Wow, it appears I am not the only engineer interested in economics. Nate, where have you been all my life?
I worked for one of my professors this summer, technically under the auspices of the Alaska Space Grant Program, designing a ground control station for satellite tracking. Sounds very technological and impressive, doesn't it? Let me put it in more simple terms: I spent NASA's money this summer. Antennas, rotators, radios, LNA's, a computer etc.
Apparently the Alaska Space Grant has "left-over" money from a previous grant that needs to be spent or it "disappears" (reverts back to NASA). Because of this I was told not to skimp on equipment. I shelled out some hard cash for quality components.
What does this have to do with incentives, or even economics? Well, being a student I am in the permanent college saving mode. I frequently would try to figure out ways to save costs on equipment but was told to go ahead and spend the extra money because it was in the budget. There was no incentive to save money because it was grant money that had to be spent. This was good news for my project, but got me thinking about government spending.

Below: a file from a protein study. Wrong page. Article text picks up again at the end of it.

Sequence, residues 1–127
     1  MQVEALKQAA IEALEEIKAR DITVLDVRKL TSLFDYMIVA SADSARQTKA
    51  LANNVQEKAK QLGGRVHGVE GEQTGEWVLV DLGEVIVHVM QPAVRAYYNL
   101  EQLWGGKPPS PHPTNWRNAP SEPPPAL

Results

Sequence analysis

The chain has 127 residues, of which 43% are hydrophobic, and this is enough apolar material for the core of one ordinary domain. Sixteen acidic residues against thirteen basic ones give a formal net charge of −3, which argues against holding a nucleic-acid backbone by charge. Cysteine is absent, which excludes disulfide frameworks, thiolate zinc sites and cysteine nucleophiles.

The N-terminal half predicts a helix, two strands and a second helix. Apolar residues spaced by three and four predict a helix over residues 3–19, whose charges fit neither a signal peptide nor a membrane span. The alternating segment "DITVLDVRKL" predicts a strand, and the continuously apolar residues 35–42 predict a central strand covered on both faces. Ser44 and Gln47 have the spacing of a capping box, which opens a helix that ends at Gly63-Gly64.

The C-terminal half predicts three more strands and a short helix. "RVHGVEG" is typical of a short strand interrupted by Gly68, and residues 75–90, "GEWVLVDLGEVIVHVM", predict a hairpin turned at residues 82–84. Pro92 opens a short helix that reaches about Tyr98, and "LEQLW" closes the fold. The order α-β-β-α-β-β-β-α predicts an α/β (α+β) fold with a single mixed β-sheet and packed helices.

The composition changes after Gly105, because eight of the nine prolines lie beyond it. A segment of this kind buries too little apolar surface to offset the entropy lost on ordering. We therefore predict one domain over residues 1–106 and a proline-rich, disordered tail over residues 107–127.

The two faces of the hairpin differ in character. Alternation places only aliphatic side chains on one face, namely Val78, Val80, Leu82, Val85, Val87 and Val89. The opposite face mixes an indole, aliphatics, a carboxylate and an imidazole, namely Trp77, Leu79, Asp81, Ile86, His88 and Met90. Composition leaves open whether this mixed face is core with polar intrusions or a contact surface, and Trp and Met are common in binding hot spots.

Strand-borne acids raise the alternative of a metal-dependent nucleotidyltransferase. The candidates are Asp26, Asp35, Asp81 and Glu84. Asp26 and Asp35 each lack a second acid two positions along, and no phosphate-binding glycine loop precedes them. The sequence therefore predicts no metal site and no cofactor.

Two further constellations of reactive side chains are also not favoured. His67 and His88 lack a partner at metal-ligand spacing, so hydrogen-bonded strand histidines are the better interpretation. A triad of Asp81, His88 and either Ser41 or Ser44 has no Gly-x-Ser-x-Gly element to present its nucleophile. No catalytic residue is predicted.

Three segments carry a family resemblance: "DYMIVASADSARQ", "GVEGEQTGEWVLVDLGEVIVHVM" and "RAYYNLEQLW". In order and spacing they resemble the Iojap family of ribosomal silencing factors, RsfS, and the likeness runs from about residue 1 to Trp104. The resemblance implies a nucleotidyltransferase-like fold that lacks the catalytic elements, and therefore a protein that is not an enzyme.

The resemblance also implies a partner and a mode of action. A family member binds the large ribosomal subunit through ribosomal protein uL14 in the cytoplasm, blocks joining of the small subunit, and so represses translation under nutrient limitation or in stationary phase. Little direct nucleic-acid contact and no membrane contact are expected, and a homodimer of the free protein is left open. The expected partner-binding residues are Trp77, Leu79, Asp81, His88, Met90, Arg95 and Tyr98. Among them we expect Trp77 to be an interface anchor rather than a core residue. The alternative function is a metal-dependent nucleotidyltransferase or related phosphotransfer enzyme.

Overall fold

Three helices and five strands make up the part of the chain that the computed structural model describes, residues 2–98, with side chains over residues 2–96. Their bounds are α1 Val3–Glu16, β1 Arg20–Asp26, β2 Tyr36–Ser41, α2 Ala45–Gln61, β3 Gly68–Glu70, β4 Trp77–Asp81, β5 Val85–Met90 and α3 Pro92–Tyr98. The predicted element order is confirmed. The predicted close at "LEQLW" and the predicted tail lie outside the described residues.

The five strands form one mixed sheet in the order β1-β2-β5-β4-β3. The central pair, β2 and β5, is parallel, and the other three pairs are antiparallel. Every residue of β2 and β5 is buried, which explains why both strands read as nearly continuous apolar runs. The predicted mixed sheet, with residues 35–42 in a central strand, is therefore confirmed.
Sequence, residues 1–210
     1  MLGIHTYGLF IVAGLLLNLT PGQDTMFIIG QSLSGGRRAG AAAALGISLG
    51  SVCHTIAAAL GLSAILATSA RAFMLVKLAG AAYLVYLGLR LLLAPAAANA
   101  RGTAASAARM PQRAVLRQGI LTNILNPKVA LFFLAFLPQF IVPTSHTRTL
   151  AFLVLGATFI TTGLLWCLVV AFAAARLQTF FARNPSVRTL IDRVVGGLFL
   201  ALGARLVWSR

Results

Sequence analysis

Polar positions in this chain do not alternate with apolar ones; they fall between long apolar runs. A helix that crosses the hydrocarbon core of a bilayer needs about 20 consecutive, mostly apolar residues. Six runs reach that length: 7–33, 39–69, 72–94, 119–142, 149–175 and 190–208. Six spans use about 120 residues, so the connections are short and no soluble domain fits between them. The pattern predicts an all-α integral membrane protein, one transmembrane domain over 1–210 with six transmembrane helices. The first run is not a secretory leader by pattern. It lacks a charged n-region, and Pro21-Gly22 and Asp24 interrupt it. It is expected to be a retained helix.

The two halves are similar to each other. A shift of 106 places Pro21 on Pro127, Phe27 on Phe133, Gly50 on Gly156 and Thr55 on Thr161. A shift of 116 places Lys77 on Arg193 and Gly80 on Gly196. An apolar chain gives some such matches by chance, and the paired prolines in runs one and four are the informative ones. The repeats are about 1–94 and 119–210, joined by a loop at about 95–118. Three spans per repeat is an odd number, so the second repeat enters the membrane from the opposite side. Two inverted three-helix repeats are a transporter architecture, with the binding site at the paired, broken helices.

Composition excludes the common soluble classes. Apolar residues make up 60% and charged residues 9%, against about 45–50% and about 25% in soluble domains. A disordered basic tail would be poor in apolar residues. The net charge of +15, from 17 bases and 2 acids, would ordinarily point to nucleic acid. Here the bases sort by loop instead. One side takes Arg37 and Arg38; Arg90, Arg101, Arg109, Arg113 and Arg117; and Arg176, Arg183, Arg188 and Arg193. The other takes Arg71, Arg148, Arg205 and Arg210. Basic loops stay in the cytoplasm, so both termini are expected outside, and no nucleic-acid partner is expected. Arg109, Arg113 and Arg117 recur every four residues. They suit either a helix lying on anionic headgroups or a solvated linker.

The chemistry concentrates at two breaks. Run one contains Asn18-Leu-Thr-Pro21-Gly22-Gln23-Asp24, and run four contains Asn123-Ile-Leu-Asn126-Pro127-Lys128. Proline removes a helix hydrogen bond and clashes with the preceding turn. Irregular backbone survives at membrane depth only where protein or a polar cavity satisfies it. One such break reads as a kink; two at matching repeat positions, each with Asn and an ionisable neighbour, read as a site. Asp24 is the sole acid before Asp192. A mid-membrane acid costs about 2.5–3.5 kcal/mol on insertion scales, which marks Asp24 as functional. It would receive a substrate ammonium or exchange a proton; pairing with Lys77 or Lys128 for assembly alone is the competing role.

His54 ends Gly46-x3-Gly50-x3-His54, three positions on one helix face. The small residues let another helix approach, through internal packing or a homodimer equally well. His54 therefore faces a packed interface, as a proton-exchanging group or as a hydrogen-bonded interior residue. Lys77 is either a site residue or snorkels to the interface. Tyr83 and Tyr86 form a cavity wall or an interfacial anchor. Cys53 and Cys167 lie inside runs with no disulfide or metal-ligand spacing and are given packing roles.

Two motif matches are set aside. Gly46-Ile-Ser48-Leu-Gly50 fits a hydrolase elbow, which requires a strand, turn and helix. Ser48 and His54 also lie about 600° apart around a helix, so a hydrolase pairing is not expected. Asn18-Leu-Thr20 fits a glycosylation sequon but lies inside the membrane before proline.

It's easy to think that it's not a big deal because it's NASA's money and they have a LOT of money. But where does NASA get their money from? The government. Who gets it from taxpayers...hmmm. Starts to get closer to home.
This seems pretty typical for government spending, it's not the most conservative or efficient system out there. How could incentives be provided to make government spending more efficient? (Hint: privatize!) Could NASA be sold to a private company? Should the government contract out it's space program?
Anyway, this is what I've been thinking about in response to the reading. I'm looking forward to the discussion on Thursday!